Many Canadians look forward to purchasing a new car, as it can make your commute to work easier or provide more options when shuffling kids around.
But it can be hard to determine how much to exactly spend on new wheels.
Taking on increasingly longer car leases and locking into a deal that’s more than you can afford is a common problem, said finance expert Preet Banerjee.
More than 50 per cent of new car loans in Canada are seven years or longer he told hosts on Global’s The Morning Show.
READ MORE: How to buy a car without getting swindled
“For luxury cars, you can actually get loans for 12 years,” he explained. “It seems like it’s more affordable, but it’s not.”
If you’re eager to have a low monthly car payment, it’s in your best interest to go after a cheaper car rather than take out an eight-year payment scheme, he said.
Having low monthly payments on a brand new vehicle can be enticing, especially if it fits with your monthly budget. But you do run into danger as a longer lease could lead to negative equity, according to a previous Global News report.
Negative equity occurs when the amount you owe on, in this case, a car is higher than its value. Your car’s value depreciates over time and the problem will get worse if you try to trade in your car before it’s fully paid off, said Banerjee.
Trading in your vehicle too early means the debt from that car migrates to payments for the next shiny new vehicle, throwing you potentially into more debt, Brian Murphy, vice-president of data and analytics at Canadian Black Book, previously told Global News.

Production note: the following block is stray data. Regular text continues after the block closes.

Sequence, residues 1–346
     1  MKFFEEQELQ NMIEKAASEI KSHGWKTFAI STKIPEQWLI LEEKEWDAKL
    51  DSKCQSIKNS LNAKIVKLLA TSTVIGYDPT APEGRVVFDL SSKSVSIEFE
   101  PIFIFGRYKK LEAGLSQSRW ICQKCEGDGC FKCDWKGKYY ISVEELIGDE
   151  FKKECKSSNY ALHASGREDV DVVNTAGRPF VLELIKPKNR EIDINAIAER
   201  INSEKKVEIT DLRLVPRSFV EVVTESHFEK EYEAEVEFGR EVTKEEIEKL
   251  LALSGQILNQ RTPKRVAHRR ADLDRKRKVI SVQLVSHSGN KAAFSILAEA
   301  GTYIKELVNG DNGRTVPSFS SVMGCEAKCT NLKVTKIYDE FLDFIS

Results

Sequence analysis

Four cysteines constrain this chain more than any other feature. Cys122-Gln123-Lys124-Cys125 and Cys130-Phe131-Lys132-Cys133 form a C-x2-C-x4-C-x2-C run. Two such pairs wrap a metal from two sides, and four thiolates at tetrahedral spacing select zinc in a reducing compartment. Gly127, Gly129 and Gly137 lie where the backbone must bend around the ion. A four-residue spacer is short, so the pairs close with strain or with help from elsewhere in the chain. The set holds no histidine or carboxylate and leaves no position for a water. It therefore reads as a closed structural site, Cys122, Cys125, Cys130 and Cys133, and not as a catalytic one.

“Eventually, you’ll be asking for a loan that is too big compared to the asset that you’re buying,” he said, which your bank will not approve.
According to J.D. Power, more than 30 per cent of Canadians who trade in a car owe more on the car than what it’s actually worth, explained Banerjee.
“This is a recipe for disaster,” he said, as it allows debt to compound.
Just because your monthly payments are low doesn’t mean you haven’t taken on a large amount of debt in total, said George Iny, executive director of the Automobile Protection Association, in a previous Global News report.
“Over time, you’ve just taken on $30,000 to $35,000 of new debt,” said Iny. “A lot of people seem to be strangely unaware of that — and dealers encourage it.”
Subprime auto loans: Why you should avoid them
A subprime loan is a high-risk loan to someone with poor credit, said Banerjee. These loans come with higher interest rates and potentially less favourable terms and penalties for missed payments.
More Canadians are taking on subprime auto loans than you might think, as close to 25 per cent of loans fall into this category, revealed Banerjee.
There’s an easy rule to follow to ensure you aren’t at risk for potentially piling on an unmanageable debt load, he said.
Use the “20-4-10” rule by putting a 20 per cent down payment on your car, taking out a loan that’s no longer than four years, and avoiding payments that eat up more than 10 per cent of your income.
“That tells you you can afford that car,” he said. “If you go beyond that, like a lot of Canadians are, you’re really showing that you’re living paycheque-to-paycheque, and there’s only so long that can continue.”
For more tips on how much you should spend on a new car, watch Preet Banerjee in the video above.
—With files from Global News reporter Erica Alini.